Part II: Questionnaire on parental guidance in child self-discipline covered 3 areas (24 items) as follows: Area 1 covered child eating habits (12 items), including preparation and provision of healthy meals and snacks. Area 2 covered money management (6 items), including consideration before purchase, food choices and frugality. Area 3 covered time management (6 items) including a timetable for daily routines with such parameters as "on time" and "set times" for physical exercise and television viewing. Scoring and grading was the same as used for Part III of the child questionnaires.


Regarding child self-discipline, the risk of being obese was 1.9 times higher among children who had poor eating habits (OR = 1.9, 95% CI = 1.2-3.1). These included such things as eating more than 3 meals a day, frequently having high caloric food intake such as fried pork, fried eggs, French fries, cakes, snacks and soft drinks. In addition, the risk of becoming obese was 3.3 and 3.8 times higher among children who were poor at managing expenses and time (OR = 3.3 and 3.8; 95% CI = 1.4-7.8 and 2.2-6.6). After controlling all other variables using multiple logistic regression analysis, it was revealed (Table 3) that the first ranking adjusted odds ratio (AOR) for factors associated with childhood obesity was low level self-discipline in managing expenses (AOR 3.1, 95% CI = 1.1-8.2), followed by a poor home environment (AOR 3.0, 95% CI = 1.2-7.5), poor time management (AOR 2.9, 95% CI = 1.6-5.4), long television viewing time (AOR 2.6, 95% CI = 1.5-4.6), and father's and mother's obesity (AOR 2.2 and 1.9; 95% CI = 1.3-3.7 and 1.1-3.4), respectively (p value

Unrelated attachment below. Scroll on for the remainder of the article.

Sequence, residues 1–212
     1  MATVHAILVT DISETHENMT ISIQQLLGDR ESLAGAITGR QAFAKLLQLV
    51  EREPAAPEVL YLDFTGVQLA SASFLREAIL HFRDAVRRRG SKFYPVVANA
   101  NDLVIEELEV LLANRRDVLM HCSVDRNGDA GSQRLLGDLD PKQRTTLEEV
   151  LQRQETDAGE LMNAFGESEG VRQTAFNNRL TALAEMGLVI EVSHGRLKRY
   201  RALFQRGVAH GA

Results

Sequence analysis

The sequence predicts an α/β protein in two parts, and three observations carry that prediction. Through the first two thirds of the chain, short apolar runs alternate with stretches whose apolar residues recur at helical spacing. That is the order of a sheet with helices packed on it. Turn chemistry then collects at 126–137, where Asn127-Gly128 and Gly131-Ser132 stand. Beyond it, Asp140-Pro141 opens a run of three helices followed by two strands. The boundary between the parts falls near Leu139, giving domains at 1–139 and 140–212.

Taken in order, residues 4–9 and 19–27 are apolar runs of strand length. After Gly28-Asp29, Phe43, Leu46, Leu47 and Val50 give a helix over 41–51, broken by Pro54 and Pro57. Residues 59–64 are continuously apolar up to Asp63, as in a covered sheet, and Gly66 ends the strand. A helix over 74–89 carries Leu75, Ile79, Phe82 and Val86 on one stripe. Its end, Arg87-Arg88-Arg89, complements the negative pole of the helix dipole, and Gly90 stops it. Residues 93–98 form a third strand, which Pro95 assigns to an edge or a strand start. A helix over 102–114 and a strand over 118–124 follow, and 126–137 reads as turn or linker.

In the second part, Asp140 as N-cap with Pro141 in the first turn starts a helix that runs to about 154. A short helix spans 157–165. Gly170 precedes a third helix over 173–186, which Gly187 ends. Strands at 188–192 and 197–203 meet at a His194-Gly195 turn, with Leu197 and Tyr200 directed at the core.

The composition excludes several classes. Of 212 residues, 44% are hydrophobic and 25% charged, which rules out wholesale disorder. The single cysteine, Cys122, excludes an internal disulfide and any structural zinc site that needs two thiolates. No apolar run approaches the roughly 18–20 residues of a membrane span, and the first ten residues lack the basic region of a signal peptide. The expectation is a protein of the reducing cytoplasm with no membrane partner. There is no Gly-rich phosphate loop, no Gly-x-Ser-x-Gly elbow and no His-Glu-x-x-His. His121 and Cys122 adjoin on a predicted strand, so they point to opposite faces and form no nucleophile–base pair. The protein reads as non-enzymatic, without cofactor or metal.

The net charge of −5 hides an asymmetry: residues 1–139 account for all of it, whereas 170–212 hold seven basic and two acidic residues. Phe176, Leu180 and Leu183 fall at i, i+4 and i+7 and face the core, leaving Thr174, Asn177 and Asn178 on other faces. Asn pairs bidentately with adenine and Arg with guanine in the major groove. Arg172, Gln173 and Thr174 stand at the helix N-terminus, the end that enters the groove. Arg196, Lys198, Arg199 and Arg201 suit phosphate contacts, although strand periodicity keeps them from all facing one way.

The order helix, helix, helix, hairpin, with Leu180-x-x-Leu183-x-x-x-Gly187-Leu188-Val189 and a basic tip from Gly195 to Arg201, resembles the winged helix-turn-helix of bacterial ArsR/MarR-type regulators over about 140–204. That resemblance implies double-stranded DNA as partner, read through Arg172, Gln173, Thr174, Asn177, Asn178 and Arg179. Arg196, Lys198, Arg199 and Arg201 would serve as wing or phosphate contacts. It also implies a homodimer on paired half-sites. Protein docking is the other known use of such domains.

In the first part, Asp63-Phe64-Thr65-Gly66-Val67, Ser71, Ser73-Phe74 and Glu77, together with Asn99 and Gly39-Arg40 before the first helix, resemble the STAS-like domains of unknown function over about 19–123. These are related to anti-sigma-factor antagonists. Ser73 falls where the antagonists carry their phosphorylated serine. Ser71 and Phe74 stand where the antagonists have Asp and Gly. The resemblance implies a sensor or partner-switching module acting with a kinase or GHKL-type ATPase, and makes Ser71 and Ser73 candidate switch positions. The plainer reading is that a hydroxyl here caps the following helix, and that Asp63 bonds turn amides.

Regarding sociological theory, a sound explanation why obese children lack self-discipline, watch much television and have poor ability to control their money and time was reviewed. Based on Bourdieu's theory of practice [28], habitus is the product of inculcation and appropriation necessary in order for the products of collective history, to succeed in reproducing themselves more or less complete, in the form of durable dispositions in the individuals lastingly of the same conditionings, and hence placed in the same material conditions of existence. Cited from Lindelof [26] Bourdieu develops habitus to explain the reason for behavioral similarities within different social classes. He proposed that behavior is mediated by habitus, which at a pre-conscious level organizes the individual's behavior in certain patterns reflecting the habitus. Habitus is formed in the individual's past by material, cultural and social conditions, and experiences. However, childhood and youth are of central importance to the formation of habitus. Thus, habitus cannot be grasped as it constantly changes with time and newly integrated experiences. In other words, habitus takes the past and directs it into the future as a specific way of acting in daily life. Therefore sociology treats as identical all the biological individuals who, being the product of the same objective conditions, support the same habitus. Attention must be paid to the underlying mechanism that generates unhealthy behaviour leading to obesity. To achieve a healthier lifestyle for obese individuals, a habitus is needed to stimulate and generate healthier habits. 041b061a72